AMN Reviews: Thomas DeLio – Selected Compositions II 1972-2015 [Neuma 450-116]

Selected Compositions II is the second installment in Neuma’s Composers Series of works by composer Thomas DeLio (1951). As with the first installment, Selected Compositions II contains compositions for solo instruments and small ensembles, some for electronics, and one relatively large-scale work for soprano and orchestra. DeLio, who has a background in mathematics and visual art as well as in music, frequently works with disjunctive forms and an expanded palette of sound; the pieces presented here are representative of the composer’s aesthetic on both counts. He also creates what he calls “deconstructions”—electronically manipulated recordings of previous performances of his work, one of which is included in the set.

DeLio’s rhetoric of discontinuity and rupture is particularly on display in two versions of inents (2015), an electronically-processed setting of P. Inman’s poem aengus for six voices. Inman’s fragmentary text lends itself well to DeLio’s treatment, which proceeds over a broken surface of silences, electronic sounds, and spoken words. The brief – en/l’espace de…(2007) for soprano and orchestra draws a minimum of sound from a maximal surrounding of silence; the pleasure of the piece consists in its paradoxical leveraging of the greatest instrumental resources to produce a microeconomy of sound.

The deconstruction included here is thoughtfully juxtaposed with the performance it takes as its source. The source, 1990’s anti-paysage for flute, piano, percussion and electronics, anchors isolated sound events in an ocean of silence; its deconstruction, anti-paysage II (2013), reduces the original recording’s already reduced surfaces to a glittering, second-order abstraction.

Daniel Barbiero

AMN Reviews: Tim Rutherford-Johnson – Music After the Fall: Modern Composition and Culture since 1989 [U of California Press: 2017]

Certain years take on a talismanic significance. To conjure them is to call up a world—to provide a condensed description of an epochal shift in social arrangements, political structures, or cultural sensibilities. 1989, the year the Berlin Wall fell, is one such year, being shorthand for the end of the bipolar, Cold War order that held since 1945 (itself an epochal year). For music critic Tim Rutherford-Johnson, 1989 is a threshold year for music as well as for geopolitics; as he argues in Music After the Fall, his stimulatingly broad and broad-minded survey of new music, the period since then has brought a wave of globalization, liberalization and market economics as well as a revolutionary ubiquity of digital information and communication technologies, all of which have had significant impacts on the production and reception of new music.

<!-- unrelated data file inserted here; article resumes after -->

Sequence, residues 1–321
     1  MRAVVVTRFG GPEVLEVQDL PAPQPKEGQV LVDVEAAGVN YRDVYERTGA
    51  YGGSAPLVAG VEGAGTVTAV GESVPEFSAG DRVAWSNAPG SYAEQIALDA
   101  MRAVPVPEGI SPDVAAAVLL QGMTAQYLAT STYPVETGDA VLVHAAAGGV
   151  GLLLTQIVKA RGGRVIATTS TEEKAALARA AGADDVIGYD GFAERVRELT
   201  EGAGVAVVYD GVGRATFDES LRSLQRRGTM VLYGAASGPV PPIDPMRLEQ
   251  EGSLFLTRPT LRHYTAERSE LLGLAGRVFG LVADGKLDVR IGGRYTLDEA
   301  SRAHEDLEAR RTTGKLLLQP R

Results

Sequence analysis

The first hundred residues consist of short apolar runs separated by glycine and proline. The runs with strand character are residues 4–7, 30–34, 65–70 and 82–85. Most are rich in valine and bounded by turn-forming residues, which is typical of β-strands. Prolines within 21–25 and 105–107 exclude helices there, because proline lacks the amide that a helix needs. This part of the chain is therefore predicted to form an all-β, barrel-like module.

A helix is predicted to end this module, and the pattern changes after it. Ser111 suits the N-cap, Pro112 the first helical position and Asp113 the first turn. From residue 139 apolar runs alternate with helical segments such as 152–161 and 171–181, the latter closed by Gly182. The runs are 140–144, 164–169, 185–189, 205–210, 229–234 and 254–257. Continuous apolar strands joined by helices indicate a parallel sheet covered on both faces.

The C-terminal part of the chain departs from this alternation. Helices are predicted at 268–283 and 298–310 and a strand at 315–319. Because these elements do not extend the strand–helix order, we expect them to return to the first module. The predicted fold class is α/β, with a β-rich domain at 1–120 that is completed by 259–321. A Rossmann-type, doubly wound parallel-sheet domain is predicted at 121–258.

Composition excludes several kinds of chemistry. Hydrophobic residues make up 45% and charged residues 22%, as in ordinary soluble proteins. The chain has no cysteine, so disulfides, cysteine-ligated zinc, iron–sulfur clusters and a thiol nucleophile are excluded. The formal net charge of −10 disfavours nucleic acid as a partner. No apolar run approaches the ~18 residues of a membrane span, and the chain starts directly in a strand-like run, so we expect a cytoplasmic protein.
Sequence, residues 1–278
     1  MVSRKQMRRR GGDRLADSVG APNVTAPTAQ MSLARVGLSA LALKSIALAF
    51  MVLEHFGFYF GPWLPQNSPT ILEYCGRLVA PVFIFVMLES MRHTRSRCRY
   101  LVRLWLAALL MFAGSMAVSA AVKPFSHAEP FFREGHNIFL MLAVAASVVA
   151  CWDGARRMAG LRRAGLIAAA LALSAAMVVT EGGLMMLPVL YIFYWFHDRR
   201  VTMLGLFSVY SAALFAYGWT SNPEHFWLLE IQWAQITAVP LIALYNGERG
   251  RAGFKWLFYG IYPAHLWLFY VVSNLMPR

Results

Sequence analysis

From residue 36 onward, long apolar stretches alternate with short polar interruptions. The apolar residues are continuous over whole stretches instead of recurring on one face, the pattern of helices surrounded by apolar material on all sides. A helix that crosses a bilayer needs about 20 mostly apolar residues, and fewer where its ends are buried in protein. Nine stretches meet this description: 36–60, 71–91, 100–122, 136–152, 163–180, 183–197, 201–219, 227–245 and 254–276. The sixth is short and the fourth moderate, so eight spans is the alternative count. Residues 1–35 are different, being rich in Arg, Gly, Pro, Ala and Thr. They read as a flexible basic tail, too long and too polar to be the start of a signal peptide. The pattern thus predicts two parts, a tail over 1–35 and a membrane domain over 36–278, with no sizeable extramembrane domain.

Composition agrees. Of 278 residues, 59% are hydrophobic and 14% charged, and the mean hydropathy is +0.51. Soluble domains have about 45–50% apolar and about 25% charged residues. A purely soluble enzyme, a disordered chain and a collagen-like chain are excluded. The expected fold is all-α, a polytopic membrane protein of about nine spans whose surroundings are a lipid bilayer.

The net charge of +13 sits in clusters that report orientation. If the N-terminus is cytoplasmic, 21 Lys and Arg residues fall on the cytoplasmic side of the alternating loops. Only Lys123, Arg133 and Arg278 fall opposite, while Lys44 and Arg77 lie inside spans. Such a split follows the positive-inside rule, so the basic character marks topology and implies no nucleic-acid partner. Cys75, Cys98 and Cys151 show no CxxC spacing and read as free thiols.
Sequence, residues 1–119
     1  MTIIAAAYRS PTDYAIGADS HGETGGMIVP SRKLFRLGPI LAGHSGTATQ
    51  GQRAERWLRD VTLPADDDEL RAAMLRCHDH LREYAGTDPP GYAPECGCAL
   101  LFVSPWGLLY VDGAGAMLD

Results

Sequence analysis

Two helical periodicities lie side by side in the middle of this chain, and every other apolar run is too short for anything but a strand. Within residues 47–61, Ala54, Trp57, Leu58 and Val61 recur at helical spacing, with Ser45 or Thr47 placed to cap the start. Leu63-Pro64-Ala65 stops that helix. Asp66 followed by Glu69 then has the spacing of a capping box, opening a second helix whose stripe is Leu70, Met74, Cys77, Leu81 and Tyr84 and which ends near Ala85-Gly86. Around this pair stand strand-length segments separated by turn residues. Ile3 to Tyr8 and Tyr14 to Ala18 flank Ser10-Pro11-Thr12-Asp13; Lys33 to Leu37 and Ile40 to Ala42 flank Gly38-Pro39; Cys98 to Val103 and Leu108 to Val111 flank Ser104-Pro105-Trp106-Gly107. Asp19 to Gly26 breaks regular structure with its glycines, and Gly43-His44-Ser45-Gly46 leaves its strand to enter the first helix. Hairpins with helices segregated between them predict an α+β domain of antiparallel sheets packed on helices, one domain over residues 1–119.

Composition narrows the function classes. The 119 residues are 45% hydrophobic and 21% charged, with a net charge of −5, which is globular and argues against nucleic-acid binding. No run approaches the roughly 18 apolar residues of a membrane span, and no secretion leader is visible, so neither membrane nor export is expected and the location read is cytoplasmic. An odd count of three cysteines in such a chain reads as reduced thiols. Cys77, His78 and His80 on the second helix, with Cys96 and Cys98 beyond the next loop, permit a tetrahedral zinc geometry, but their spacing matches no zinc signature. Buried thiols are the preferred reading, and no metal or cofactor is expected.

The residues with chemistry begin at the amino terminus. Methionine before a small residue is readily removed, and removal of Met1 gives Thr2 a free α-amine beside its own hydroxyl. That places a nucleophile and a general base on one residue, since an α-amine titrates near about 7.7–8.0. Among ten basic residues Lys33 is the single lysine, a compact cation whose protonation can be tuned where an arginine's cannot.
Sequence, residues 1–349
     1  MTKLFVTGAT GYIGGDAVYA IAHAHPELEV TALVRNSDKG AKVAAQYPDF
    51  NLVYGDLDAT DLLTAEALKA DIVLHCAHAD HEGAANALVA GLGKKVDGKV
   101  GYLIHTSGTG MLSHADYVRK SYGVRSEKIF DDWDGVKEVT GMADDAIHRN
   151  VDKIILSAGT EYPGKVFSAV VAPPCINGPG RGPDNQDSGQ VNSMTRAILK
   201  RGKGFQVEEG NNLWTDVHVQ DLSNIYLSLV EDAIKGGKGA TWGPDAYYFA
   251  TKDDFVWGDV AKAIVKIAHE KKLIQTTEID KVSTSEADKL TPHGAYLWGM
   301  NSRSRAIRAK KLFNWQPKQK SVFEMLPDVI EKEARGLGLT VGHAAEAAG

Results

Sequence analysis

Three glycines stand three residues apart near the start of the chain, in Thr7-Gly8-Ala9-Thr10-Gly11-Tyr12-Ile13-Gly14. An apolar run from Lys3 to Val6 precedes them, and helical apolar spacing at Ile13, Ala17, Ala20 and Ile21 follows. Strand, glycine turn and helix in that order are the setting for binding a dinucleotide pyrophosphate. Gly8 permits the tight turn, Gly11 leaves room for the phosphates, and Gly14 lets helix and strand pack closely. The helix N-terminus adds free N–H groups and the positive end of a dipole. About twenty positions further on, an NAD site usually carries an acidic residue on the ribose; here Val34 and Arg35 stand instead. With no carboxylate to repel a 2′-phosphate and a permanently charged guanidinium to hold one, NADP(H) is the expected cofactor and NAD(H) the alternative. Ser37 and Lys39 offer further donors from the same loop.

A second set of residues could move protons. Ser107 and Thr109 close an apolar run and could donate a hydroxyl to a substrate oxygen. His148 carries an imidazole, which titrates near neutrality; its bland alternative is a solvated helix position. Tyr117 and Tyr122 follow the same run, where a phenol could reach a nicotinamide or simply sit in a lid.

The new music Rutherford-Johnson surveys is contemporary Western art music. The designation “Western art music” is a not always entirely accurate description of a music that has become internationalized both as a source of and a recipient of influence across borders, and has become hybridized through the influence of musical forms, techniques and technologies of other genres and traditions. But as Rutherford-Johnson notes, for historical reasons the label is still meaningful in that it usefully picks out music situated within a “tradition originating in the West [and which] maintains certain continuities with that tradition.” This is music generally taking the form of a notated score written by a composer and intended for presentation in a concert setting.

As becomes apparent in light of the many examples of recent work that Rutherford-Johnson deftly describes throughout the book, “Western art music” is a consummately porous category whose members are heterogeneous in style, form, materials and methods of realization. The work he surveys inhabits an epic range of difference. It can concern itself with large-scale harmonic movement or the timbral properties of a single, static chord; it can be conventionally notated or communicated through graphic symbols; it may embrace spectral analysis, generative processes, extended performance techniques, just intonation, metered rhythms, no rhythms, and silence. At its borders, it shades off into noise and performance art.

Western art music’s porousness and openness to outside influences isn’t a new development. American composers of the last century imported references to jazz, popular tunes and hymns; Eastern European composers drew on the modal materials and microtonal inflections of native folk idioms; French composers’ choices of scales and emphasis on timbres were inspired by gamelan and other Asian music. But the porousness of contemporary composed music seems qualitatively different from what came before. Rutherford-Johnson is right to suggest that music post-1989 appears to have reached a point where the external influences are stronger, more thorough-going, and as likely to change art music conventions as to be changed by them. The integration of elements of other musics to Western art music now seems more complex—in some cases less a matter of assimilation or absorption than a matter of co-adaptation or co-evolution.